NASA’s goal in Astrophysics is to “Discover how the universe works, explore how it began and evolved, and search for life on planets around other stars.” Three broad scientific questions emanate from these goals.

Current Programs Astrophysics comprises of three focused and two cross-cutting programs. These focused programs provide an intellectual framework for advancing science and conducting strategic planning. They include:

Current Missions The Astrophysics current missions include three of the Great Observatories originally planned in the 1980s and launched over the past 25 years. The current suite of operational Great Observatories include the Hubble Space Telescope, the Chandra X-ray Observatory, and the Spitzer Space Telescope. Additionally, the Fermi Gamma-ray Space Telescope explores the high-energy end of the spectrum. Innovative Explorer missions, such as the Swift Gamma-ray Explorer and NuSTAR, complement the Astrophysics strategic missions. SOFIA, an airborne observatory for infrared astronomy, is in its operational phase and the Kepler mission is now actively engaged in K2 extended mission operations. All of the missions together account for much of humanity’s accumulated knowledge of the heavens. Many of these missions have achieved their prime science goals, but continue to produce spectacular results in their extended operations.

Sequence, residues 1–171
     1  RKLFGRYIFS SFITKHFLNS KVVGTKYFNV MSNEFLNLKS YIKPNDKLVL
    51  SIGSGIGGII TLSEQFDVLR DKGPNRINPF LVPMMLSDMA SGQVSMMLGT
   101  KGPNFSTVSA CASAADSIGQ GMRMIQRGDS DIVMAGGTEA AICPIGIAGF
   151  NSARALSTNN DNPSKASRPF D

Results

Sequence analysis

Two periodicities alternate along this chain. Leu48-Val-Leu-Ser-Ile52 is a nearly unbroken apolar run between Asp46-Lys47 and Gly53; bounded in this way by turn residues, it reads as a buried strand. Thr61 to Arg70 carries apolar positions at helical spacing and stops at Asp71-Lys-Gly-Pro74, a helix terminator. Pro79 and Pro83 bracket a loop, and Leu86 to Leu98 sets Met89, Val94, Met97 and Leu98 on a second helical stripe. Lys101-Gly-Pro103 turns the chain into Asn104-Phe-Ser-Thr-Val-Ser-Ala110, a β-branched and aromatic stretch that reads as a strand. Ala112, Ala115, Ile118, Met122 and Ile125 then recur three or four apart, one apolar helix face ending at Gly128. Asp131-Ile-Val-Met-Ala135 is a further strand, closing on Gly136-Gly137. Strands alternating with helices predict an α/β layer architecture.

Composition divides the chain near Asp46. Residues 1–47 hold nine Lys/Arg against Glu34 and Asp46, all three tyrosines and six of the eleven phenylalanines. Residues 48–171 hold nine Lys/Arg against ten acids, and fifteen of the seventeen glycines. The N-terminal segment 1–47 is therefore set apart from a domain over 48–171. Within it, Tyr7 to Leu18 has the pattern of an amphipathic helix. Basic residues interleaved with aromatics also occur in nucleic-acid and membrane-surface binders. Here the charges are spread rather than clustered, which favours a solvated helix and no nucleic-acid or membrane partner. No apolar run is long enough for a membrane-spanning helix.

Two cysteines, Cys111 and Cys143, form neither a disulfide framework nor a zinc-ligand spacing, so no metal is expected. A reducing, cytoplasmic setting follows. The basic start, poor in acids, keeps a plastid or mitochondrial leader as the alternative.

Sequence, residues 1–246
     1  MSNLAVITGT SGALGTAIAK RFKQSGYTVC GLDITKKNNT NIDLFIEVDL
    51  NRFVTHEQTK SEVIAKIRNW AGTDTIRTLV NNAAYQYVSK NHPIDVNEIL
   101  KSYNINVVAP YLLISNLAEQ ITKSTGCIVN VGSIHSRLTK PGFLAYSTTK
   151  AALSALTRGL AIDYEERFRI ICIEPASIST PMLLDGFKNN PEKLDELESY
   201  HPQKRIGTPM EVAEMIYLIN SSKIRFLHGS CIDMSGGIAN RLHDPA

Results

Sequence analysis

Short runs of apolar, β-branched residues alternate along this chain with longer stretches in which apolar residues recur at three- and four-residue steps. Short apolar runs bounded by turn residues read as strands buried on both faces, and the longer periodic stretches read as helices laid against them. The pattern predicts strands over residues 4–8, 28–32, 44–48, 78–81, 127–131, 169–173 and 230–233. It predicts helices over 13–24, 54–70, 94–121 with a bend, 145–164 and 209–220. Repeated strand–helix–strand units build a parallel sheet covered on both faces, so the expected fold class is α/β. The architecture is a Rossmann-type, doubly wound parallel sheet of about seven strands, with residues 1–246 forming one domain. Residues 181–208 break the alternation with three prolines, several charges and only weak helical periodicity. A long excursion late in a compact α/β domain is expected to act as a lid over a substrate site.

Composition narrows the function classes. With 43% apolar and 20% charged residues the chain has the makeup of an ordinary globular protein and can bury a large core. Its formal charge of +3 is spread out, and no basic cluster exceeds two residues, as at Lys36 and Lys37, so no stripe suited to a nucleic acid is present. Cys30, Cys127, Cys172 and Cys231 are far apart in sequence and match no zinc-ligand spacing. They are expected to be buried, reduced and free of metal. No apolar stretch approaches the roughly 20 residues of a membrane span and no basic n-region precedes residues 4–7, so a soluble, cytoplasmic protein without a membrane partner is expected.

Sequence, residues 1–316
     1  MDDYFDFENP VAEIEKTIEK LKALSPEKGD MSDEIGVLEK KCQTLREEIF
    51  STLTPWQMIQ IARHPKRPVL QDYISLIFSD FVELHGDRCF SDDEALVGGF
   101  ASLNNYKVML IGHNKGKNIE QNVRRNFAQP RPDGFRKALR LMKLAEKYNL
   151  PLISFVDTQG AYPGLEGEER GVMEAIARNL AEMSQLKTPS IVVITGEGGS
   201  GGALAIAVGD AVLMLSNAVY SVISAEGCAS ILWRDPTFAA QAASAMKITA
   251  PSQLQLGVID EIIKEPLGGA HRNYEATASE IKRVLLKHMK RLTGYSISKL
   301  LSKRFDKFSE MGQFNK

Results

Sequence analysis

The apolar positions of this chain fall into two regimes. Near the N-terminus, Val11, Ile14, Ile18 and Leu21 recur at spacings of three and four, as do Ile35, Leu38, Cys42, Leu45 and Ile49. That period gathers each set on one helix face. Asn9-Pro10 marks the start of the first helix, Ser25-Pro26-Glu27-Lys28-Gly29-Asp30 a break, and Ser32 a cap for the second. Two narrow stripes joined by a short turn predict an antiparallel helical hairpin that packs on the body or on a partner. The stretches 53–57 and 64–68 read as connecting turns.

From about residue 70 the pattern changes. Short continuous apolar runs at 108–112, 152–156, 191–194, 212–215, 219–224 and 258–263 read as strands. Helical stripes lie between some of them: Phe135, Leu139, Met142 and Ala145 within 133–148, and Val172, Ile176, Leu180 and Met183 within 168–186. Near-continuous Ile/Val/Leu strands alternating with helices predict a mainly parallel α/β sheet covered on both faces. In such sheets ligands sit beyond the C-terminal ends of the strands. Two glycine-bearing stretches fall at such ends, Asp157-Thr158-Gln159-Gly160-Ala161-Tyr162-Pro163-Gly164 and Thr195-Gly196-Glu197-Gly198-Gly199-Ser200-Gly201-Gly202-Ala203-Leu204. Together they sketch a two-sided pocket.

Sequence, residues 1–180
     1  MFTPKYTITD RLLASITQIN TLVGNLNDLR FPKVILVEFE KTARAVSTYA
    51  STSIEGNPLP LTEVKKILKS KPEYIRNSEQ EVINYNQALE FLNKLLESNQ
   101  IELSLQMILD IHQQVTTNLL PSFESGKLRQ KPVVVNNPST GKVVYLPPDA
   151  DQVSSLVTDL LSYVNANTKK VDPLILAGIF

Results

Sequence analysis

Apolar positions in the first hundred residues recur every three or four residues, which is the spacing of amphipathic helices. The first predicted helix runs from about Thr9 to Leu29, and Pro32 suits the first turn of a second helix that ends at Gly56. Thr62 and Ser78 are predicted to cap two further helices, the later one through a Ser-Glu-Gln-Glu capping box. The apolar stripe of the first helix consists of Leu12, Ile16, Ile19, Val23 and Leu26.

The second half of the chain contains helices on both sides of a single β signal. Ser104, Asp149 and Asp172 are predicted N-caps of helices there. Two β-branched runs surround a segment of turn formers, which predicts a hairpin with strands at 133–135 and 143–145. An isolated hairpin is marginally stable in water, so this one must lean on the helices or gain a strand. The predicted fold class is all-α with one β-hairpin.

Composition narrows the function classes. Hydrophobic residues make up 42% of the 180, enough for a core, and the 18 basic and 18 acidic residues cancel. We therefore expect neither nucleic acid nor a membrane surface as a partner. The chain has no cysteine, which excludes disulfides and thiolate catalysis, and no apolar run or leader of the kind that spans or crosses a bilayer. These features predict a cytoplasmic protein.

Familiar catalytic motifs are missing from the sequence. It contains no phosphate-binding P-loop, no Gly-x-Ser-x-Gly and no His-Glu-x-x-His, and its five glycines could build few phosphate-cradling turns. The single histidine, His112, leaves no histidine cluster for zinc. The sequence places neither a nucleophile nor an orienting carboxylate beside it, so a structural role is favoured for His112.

NASA-funded investigators also participate in observations, data analysis and developed instruments for the astrophysics missions of our international partners, including ESA’s LISA Pathfinder, XMM-Newton, Herschel, and Planck missions, and JAXA’s Suzaku.

Near Future The near future will be dominated by several missions. Currently in development, with especially broad scientific utility, is the James Webb Space Telescope. Explorer mission TESS is also in development. TESS will provide an all-sky transit survey, identifying planets ranging from Earth-sized to gas giants, orbiting a wide range of stellar types and orbital distances. Explorer Mission of Opportunity NICER has completed development and is awaiting launch in 2017. The NICER mission will study the gravitational, electromagnetic, and nuclear-physics environments of neutron stars. Also in work are detectors for ESA’s Euclid mission.

Completing the missions in development, supporting the operational missions, and funding the research and analysis programs will consume most of the Astrophysics Division resources.

In February 2016, NASA formally started the top Astro2010 decadal recommendation, the Wide Field Infrared Survey Telescope (WFIRST). WFIRST will aid researchers in their efforts to unravel the secrets of dark energy and dark matter, and explore the evolution of the cosmos. It will also discover new worlds outside our solar system and advance the search for worlds that could be suitable for life.